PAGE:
The ζ1 Audio Widget asynchronous USB-I²S module

History & acknowledgements

After the γ1 and γ2, I've been thinking about a bigger, more ambitious DAC project (the γ3). One important factor in the design is an upgraded USB interface. Rather than the limit of 16 bits, 48KHz sample rate (as it is with the PCM2707 chip used on the γ1), I would like to support up to 24 or 32 bits, 192KHz sample rate. Also, to achieve the lowest jitter, the new USB interface should operate in asynchronous transfer mode (compared to the adaptive mode on the PCM2707).

In the search for an alternative high-performance USB interface, I evaluated a number of chip-based and board-based solutions. Virtually all of the available ones that meet the functional and technical requirements are proprietary designs with hefty licensing fees and closed source firmware, which makes them unfit for DIY purposes. More specifically, the solution must satisfy the following requirements:
  • Supports all standard sample rates from 44.1KHz to 192KHz, including 88.2KHz and 176.2KHz, with 16 and 24/32 bit depths.
  • Runs in asynchronous mode.
  • Converts from USB to I²S, not to S/PDIF so that the low-jitter characteristic of async mode isn't compromised by the S/PDIF interface.
  • Supports all three major operating system environments (Linux, MacOSX, Windows).
  • Must be readily "buy-able" in small (or single) quantities.
  • Must not require a herculean development effort (e.g., writing complex firmware from scratch).
  • Must not require a licensing or royalty fee.
  • Must not require signing non-disclosure agreements (NDAs).
  • Open source highly desirable (hardware, firmware, software).
The only solution that meets these requirements is Audio Widget. I had been following the Audio Widget project for several years with interest, because it is open source, free of proprietary licensing, and developed by enthusiasts over the internet. Over this period of time the Audio Widget development team had made great progress and the result is now "production-ready". In fact I joined the Audio Widget team and hope to contribute to that project in the future.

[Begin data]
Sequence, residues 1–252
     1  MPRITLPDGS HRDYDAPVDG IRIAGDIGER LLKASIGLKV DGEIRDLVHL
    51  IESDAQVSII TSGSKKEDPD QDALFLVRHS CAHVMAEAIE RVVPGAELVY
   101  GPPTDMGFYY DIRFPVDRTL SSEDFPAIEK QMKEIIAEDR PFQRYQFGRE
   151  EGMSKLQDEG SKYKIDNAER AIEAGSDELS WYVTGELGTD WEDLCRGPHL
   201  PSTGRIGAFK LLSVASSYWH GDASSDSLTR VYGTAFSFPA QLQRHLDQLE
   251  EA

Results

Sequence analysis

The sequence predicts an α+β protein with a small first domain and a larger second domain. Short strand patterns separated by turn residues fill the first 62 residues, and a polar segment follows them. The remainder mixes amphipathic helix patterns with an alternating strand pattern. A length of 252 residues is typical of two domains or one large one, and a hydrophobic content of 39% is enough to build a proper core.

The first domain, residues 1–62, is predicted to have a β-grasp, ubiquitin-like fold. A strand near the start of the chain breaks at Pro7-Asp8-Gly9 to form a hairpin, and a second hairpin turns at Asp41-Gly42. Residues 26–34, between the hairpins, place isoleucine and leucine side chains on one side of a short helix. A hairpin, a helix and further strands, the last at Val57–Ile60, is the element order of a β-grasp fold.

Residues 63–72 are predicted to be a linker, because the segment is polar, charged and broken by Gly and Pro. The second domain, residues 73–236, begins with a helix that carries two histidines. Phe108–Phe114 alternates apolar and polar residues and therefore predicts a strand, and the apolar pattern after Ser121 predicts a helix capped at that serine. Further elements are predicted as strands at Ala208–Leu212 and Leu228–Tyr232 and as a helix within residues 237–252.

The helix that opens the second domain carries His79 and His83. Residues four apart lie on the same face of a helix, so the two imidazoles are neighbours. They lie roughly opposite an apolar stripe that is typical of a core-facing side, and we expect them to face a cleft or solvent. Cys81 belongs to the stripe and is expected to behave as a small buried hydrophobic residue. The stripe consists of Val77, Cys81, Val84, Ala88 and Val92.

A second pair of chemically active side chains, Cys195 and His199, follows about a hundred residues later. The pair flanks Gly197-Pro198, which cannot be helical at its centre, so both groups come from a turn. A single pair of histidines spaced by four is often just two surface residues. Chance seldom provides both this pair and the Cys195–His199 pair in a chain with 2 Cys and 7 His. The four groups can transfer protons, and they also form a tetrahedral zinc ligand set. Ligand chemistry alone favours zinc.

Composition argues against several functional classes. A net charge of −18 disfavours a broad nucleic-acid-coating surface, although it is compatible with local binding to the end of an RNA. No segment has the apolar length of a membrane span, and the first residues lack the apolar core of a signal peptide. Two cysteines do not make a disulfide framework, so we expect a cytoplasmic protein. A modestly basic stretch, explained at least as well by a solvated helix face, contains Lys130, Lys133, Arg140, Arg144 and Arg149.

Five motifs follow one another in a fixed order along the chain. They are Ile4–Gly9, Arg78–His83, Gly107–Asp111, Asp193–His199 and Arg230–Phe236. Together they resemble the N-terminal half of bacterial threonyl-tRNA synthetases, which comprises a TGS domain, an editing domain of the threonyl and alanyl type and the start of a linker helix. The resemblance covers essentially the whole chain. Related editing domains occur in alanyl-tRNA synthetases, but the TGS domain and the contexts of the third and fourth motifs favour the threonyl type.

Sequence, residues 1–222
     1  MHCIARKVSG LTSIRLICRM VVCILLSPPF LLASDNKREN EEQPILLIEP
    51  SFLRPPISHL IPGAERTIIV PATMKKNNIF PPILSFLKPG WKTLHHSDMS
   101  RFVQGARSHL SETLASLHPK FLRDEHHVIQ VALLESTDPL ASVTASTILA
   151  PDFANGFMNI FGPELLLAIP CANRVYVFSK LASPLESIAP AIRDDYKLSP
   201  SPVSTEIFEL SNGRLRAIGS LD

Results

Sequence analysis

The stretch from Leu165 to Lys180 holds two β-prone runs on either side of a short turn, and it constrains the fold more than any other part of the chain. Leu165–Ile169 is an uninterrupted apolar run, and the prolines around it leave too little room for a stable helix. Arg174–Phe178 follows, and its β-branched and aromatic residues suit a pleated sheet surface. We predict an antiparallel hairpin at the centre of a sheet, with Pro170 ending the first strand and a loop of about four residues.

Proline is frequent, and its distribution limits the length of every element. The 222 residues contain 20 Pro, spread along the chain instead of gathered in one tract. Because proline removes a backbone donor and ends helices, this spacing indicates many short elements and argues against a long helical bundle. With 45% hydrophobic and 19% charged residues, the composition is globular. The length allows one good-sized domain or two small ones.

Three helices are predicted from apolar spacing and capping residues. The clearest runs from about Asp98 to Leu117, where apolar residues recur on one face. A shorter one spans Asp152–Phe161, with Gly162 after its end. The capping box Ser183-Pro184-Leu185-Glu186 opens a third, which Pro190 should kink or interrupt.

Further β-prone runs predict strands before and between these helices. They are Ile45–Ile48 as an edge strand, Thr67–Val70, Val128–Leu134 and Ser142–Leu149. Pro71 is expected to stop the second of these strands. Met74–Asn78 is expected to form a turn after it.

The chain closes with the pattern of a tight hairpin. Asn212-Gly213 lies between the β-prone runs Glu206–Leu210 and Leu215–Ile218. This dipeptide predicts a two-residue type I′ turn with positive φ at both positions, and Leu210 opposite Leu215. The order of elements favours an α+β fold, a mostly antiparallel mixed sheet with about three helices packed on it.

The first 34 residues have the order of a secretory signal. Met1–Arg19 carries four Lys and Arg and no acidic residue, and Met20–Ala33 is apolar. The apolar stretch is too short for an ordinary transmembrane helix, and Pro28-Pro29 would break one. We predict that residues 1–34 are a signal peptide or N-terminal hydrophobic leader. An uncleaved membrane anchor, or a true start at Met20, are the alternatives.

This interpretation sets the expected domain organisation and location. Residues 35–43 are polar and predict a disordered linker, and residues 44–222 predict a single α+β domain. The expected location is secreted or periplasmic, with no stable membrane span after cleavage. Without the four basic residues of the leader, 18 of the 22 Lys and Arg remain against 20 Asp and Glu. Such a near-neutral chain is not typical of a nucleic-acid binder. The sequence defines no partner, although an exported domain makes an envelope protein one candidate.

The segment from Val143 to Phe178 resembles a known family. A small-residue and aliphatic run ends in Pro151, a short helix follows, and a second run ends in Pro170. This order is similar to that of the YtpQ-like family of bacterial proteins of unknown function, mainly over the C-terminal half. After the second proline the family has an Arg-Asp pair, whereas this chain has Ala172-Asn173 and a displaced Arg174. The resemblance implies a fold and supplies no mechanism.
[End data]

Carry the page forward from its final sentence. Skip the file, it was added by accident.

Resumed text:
I decided to create my own version of the Audio Widget, based closely on the USB-I2S module found in Børge Strand-Bergesen's Henry Audio (formerly known as QNKTC) DAC. My version is called the ζ1 Audio Widget asynchronous USB-I²S module, and would be offered as assembled and tested units, because it is very difficult to hand-solder.

Meanwhile, the ζ1 Audio Widget module sparked a new project, the γ1.5 miniature high-resolution USB DAC + headphone amplifier. The small size of the ζ1 module allowed the whole thing to be packed into the small Hammond C1455C80x extruded enclosure. It would be a truly high performance USB-powered, USB-only portable DAC and headphone amplifier, and probably the first and only high-volume portable DIY DAC + headphone amp capable of 24/192 with asynchronous USB.

With both γ1.5 and γ3 projects using the ζ1 module, the per-unit cost of the ζ1 will be reduced due to higher volume. Also, since the ζ1 is being developed concurrently with the two DACs, the γ1.5 served as a good testbed for the ζ1. I really like the idea of multiple projects sharing one or more common pieces.

I announced the ζ1 project to the community (at the AMB DIY audio forum) in August 2014, and solicited very useful feedback from various members. In early November a prototyping effort was launched for both the γ1.5 and ζ1, seven members signed up to build, evaluate and comment on the design, including myself. Prototype boards were sent to the team in mid-November. The prototype team members each built their ζ1s in SMD reflow ovens that were themselves DIY projects.

Both γ1.5 and ζ1 worked flawlessly "out of the box". I performed extensive bench measurements, the results were published in the AMB forum, and are also shown in the Specifications section of the γ1.5 website.

Production ζ1 modules (assembled units) were ordered, and became available in late January 2015.

The γ3 high resolution DAC, which spawned the thinking and adoption of the Audio Widget, was subsequently released in late 2015.

I would like to thank Børge Strand-Bersesen, George Boudreau and other contributors to the Audio Widget and SDR-widget projects. Their excellent work made the ζ1, γ1.5 and γ3 projects possible. In fact, the ζ1 module was designed to be pin-compatible (via the 2mm-pitch pin headers and receptacles) with the USB-I2S module in Børge's Henry Audio DAC.

Also thanks to Nikolay Kovbasa for his work on the Win-Widget ASIO driver. It made possible UAC2 operation on Windows, with an open source driver that is unencumbered by proprietary licenses.

Last, but not least, thanks to MisterX for collaborating on the γ1.5 project, to the prototype team members, and to people who contributed to the ζ1 development discussions in the forum. You made your mark in this project and its success is yours too.

Look for more exciting DIY projects from AMB in the future!

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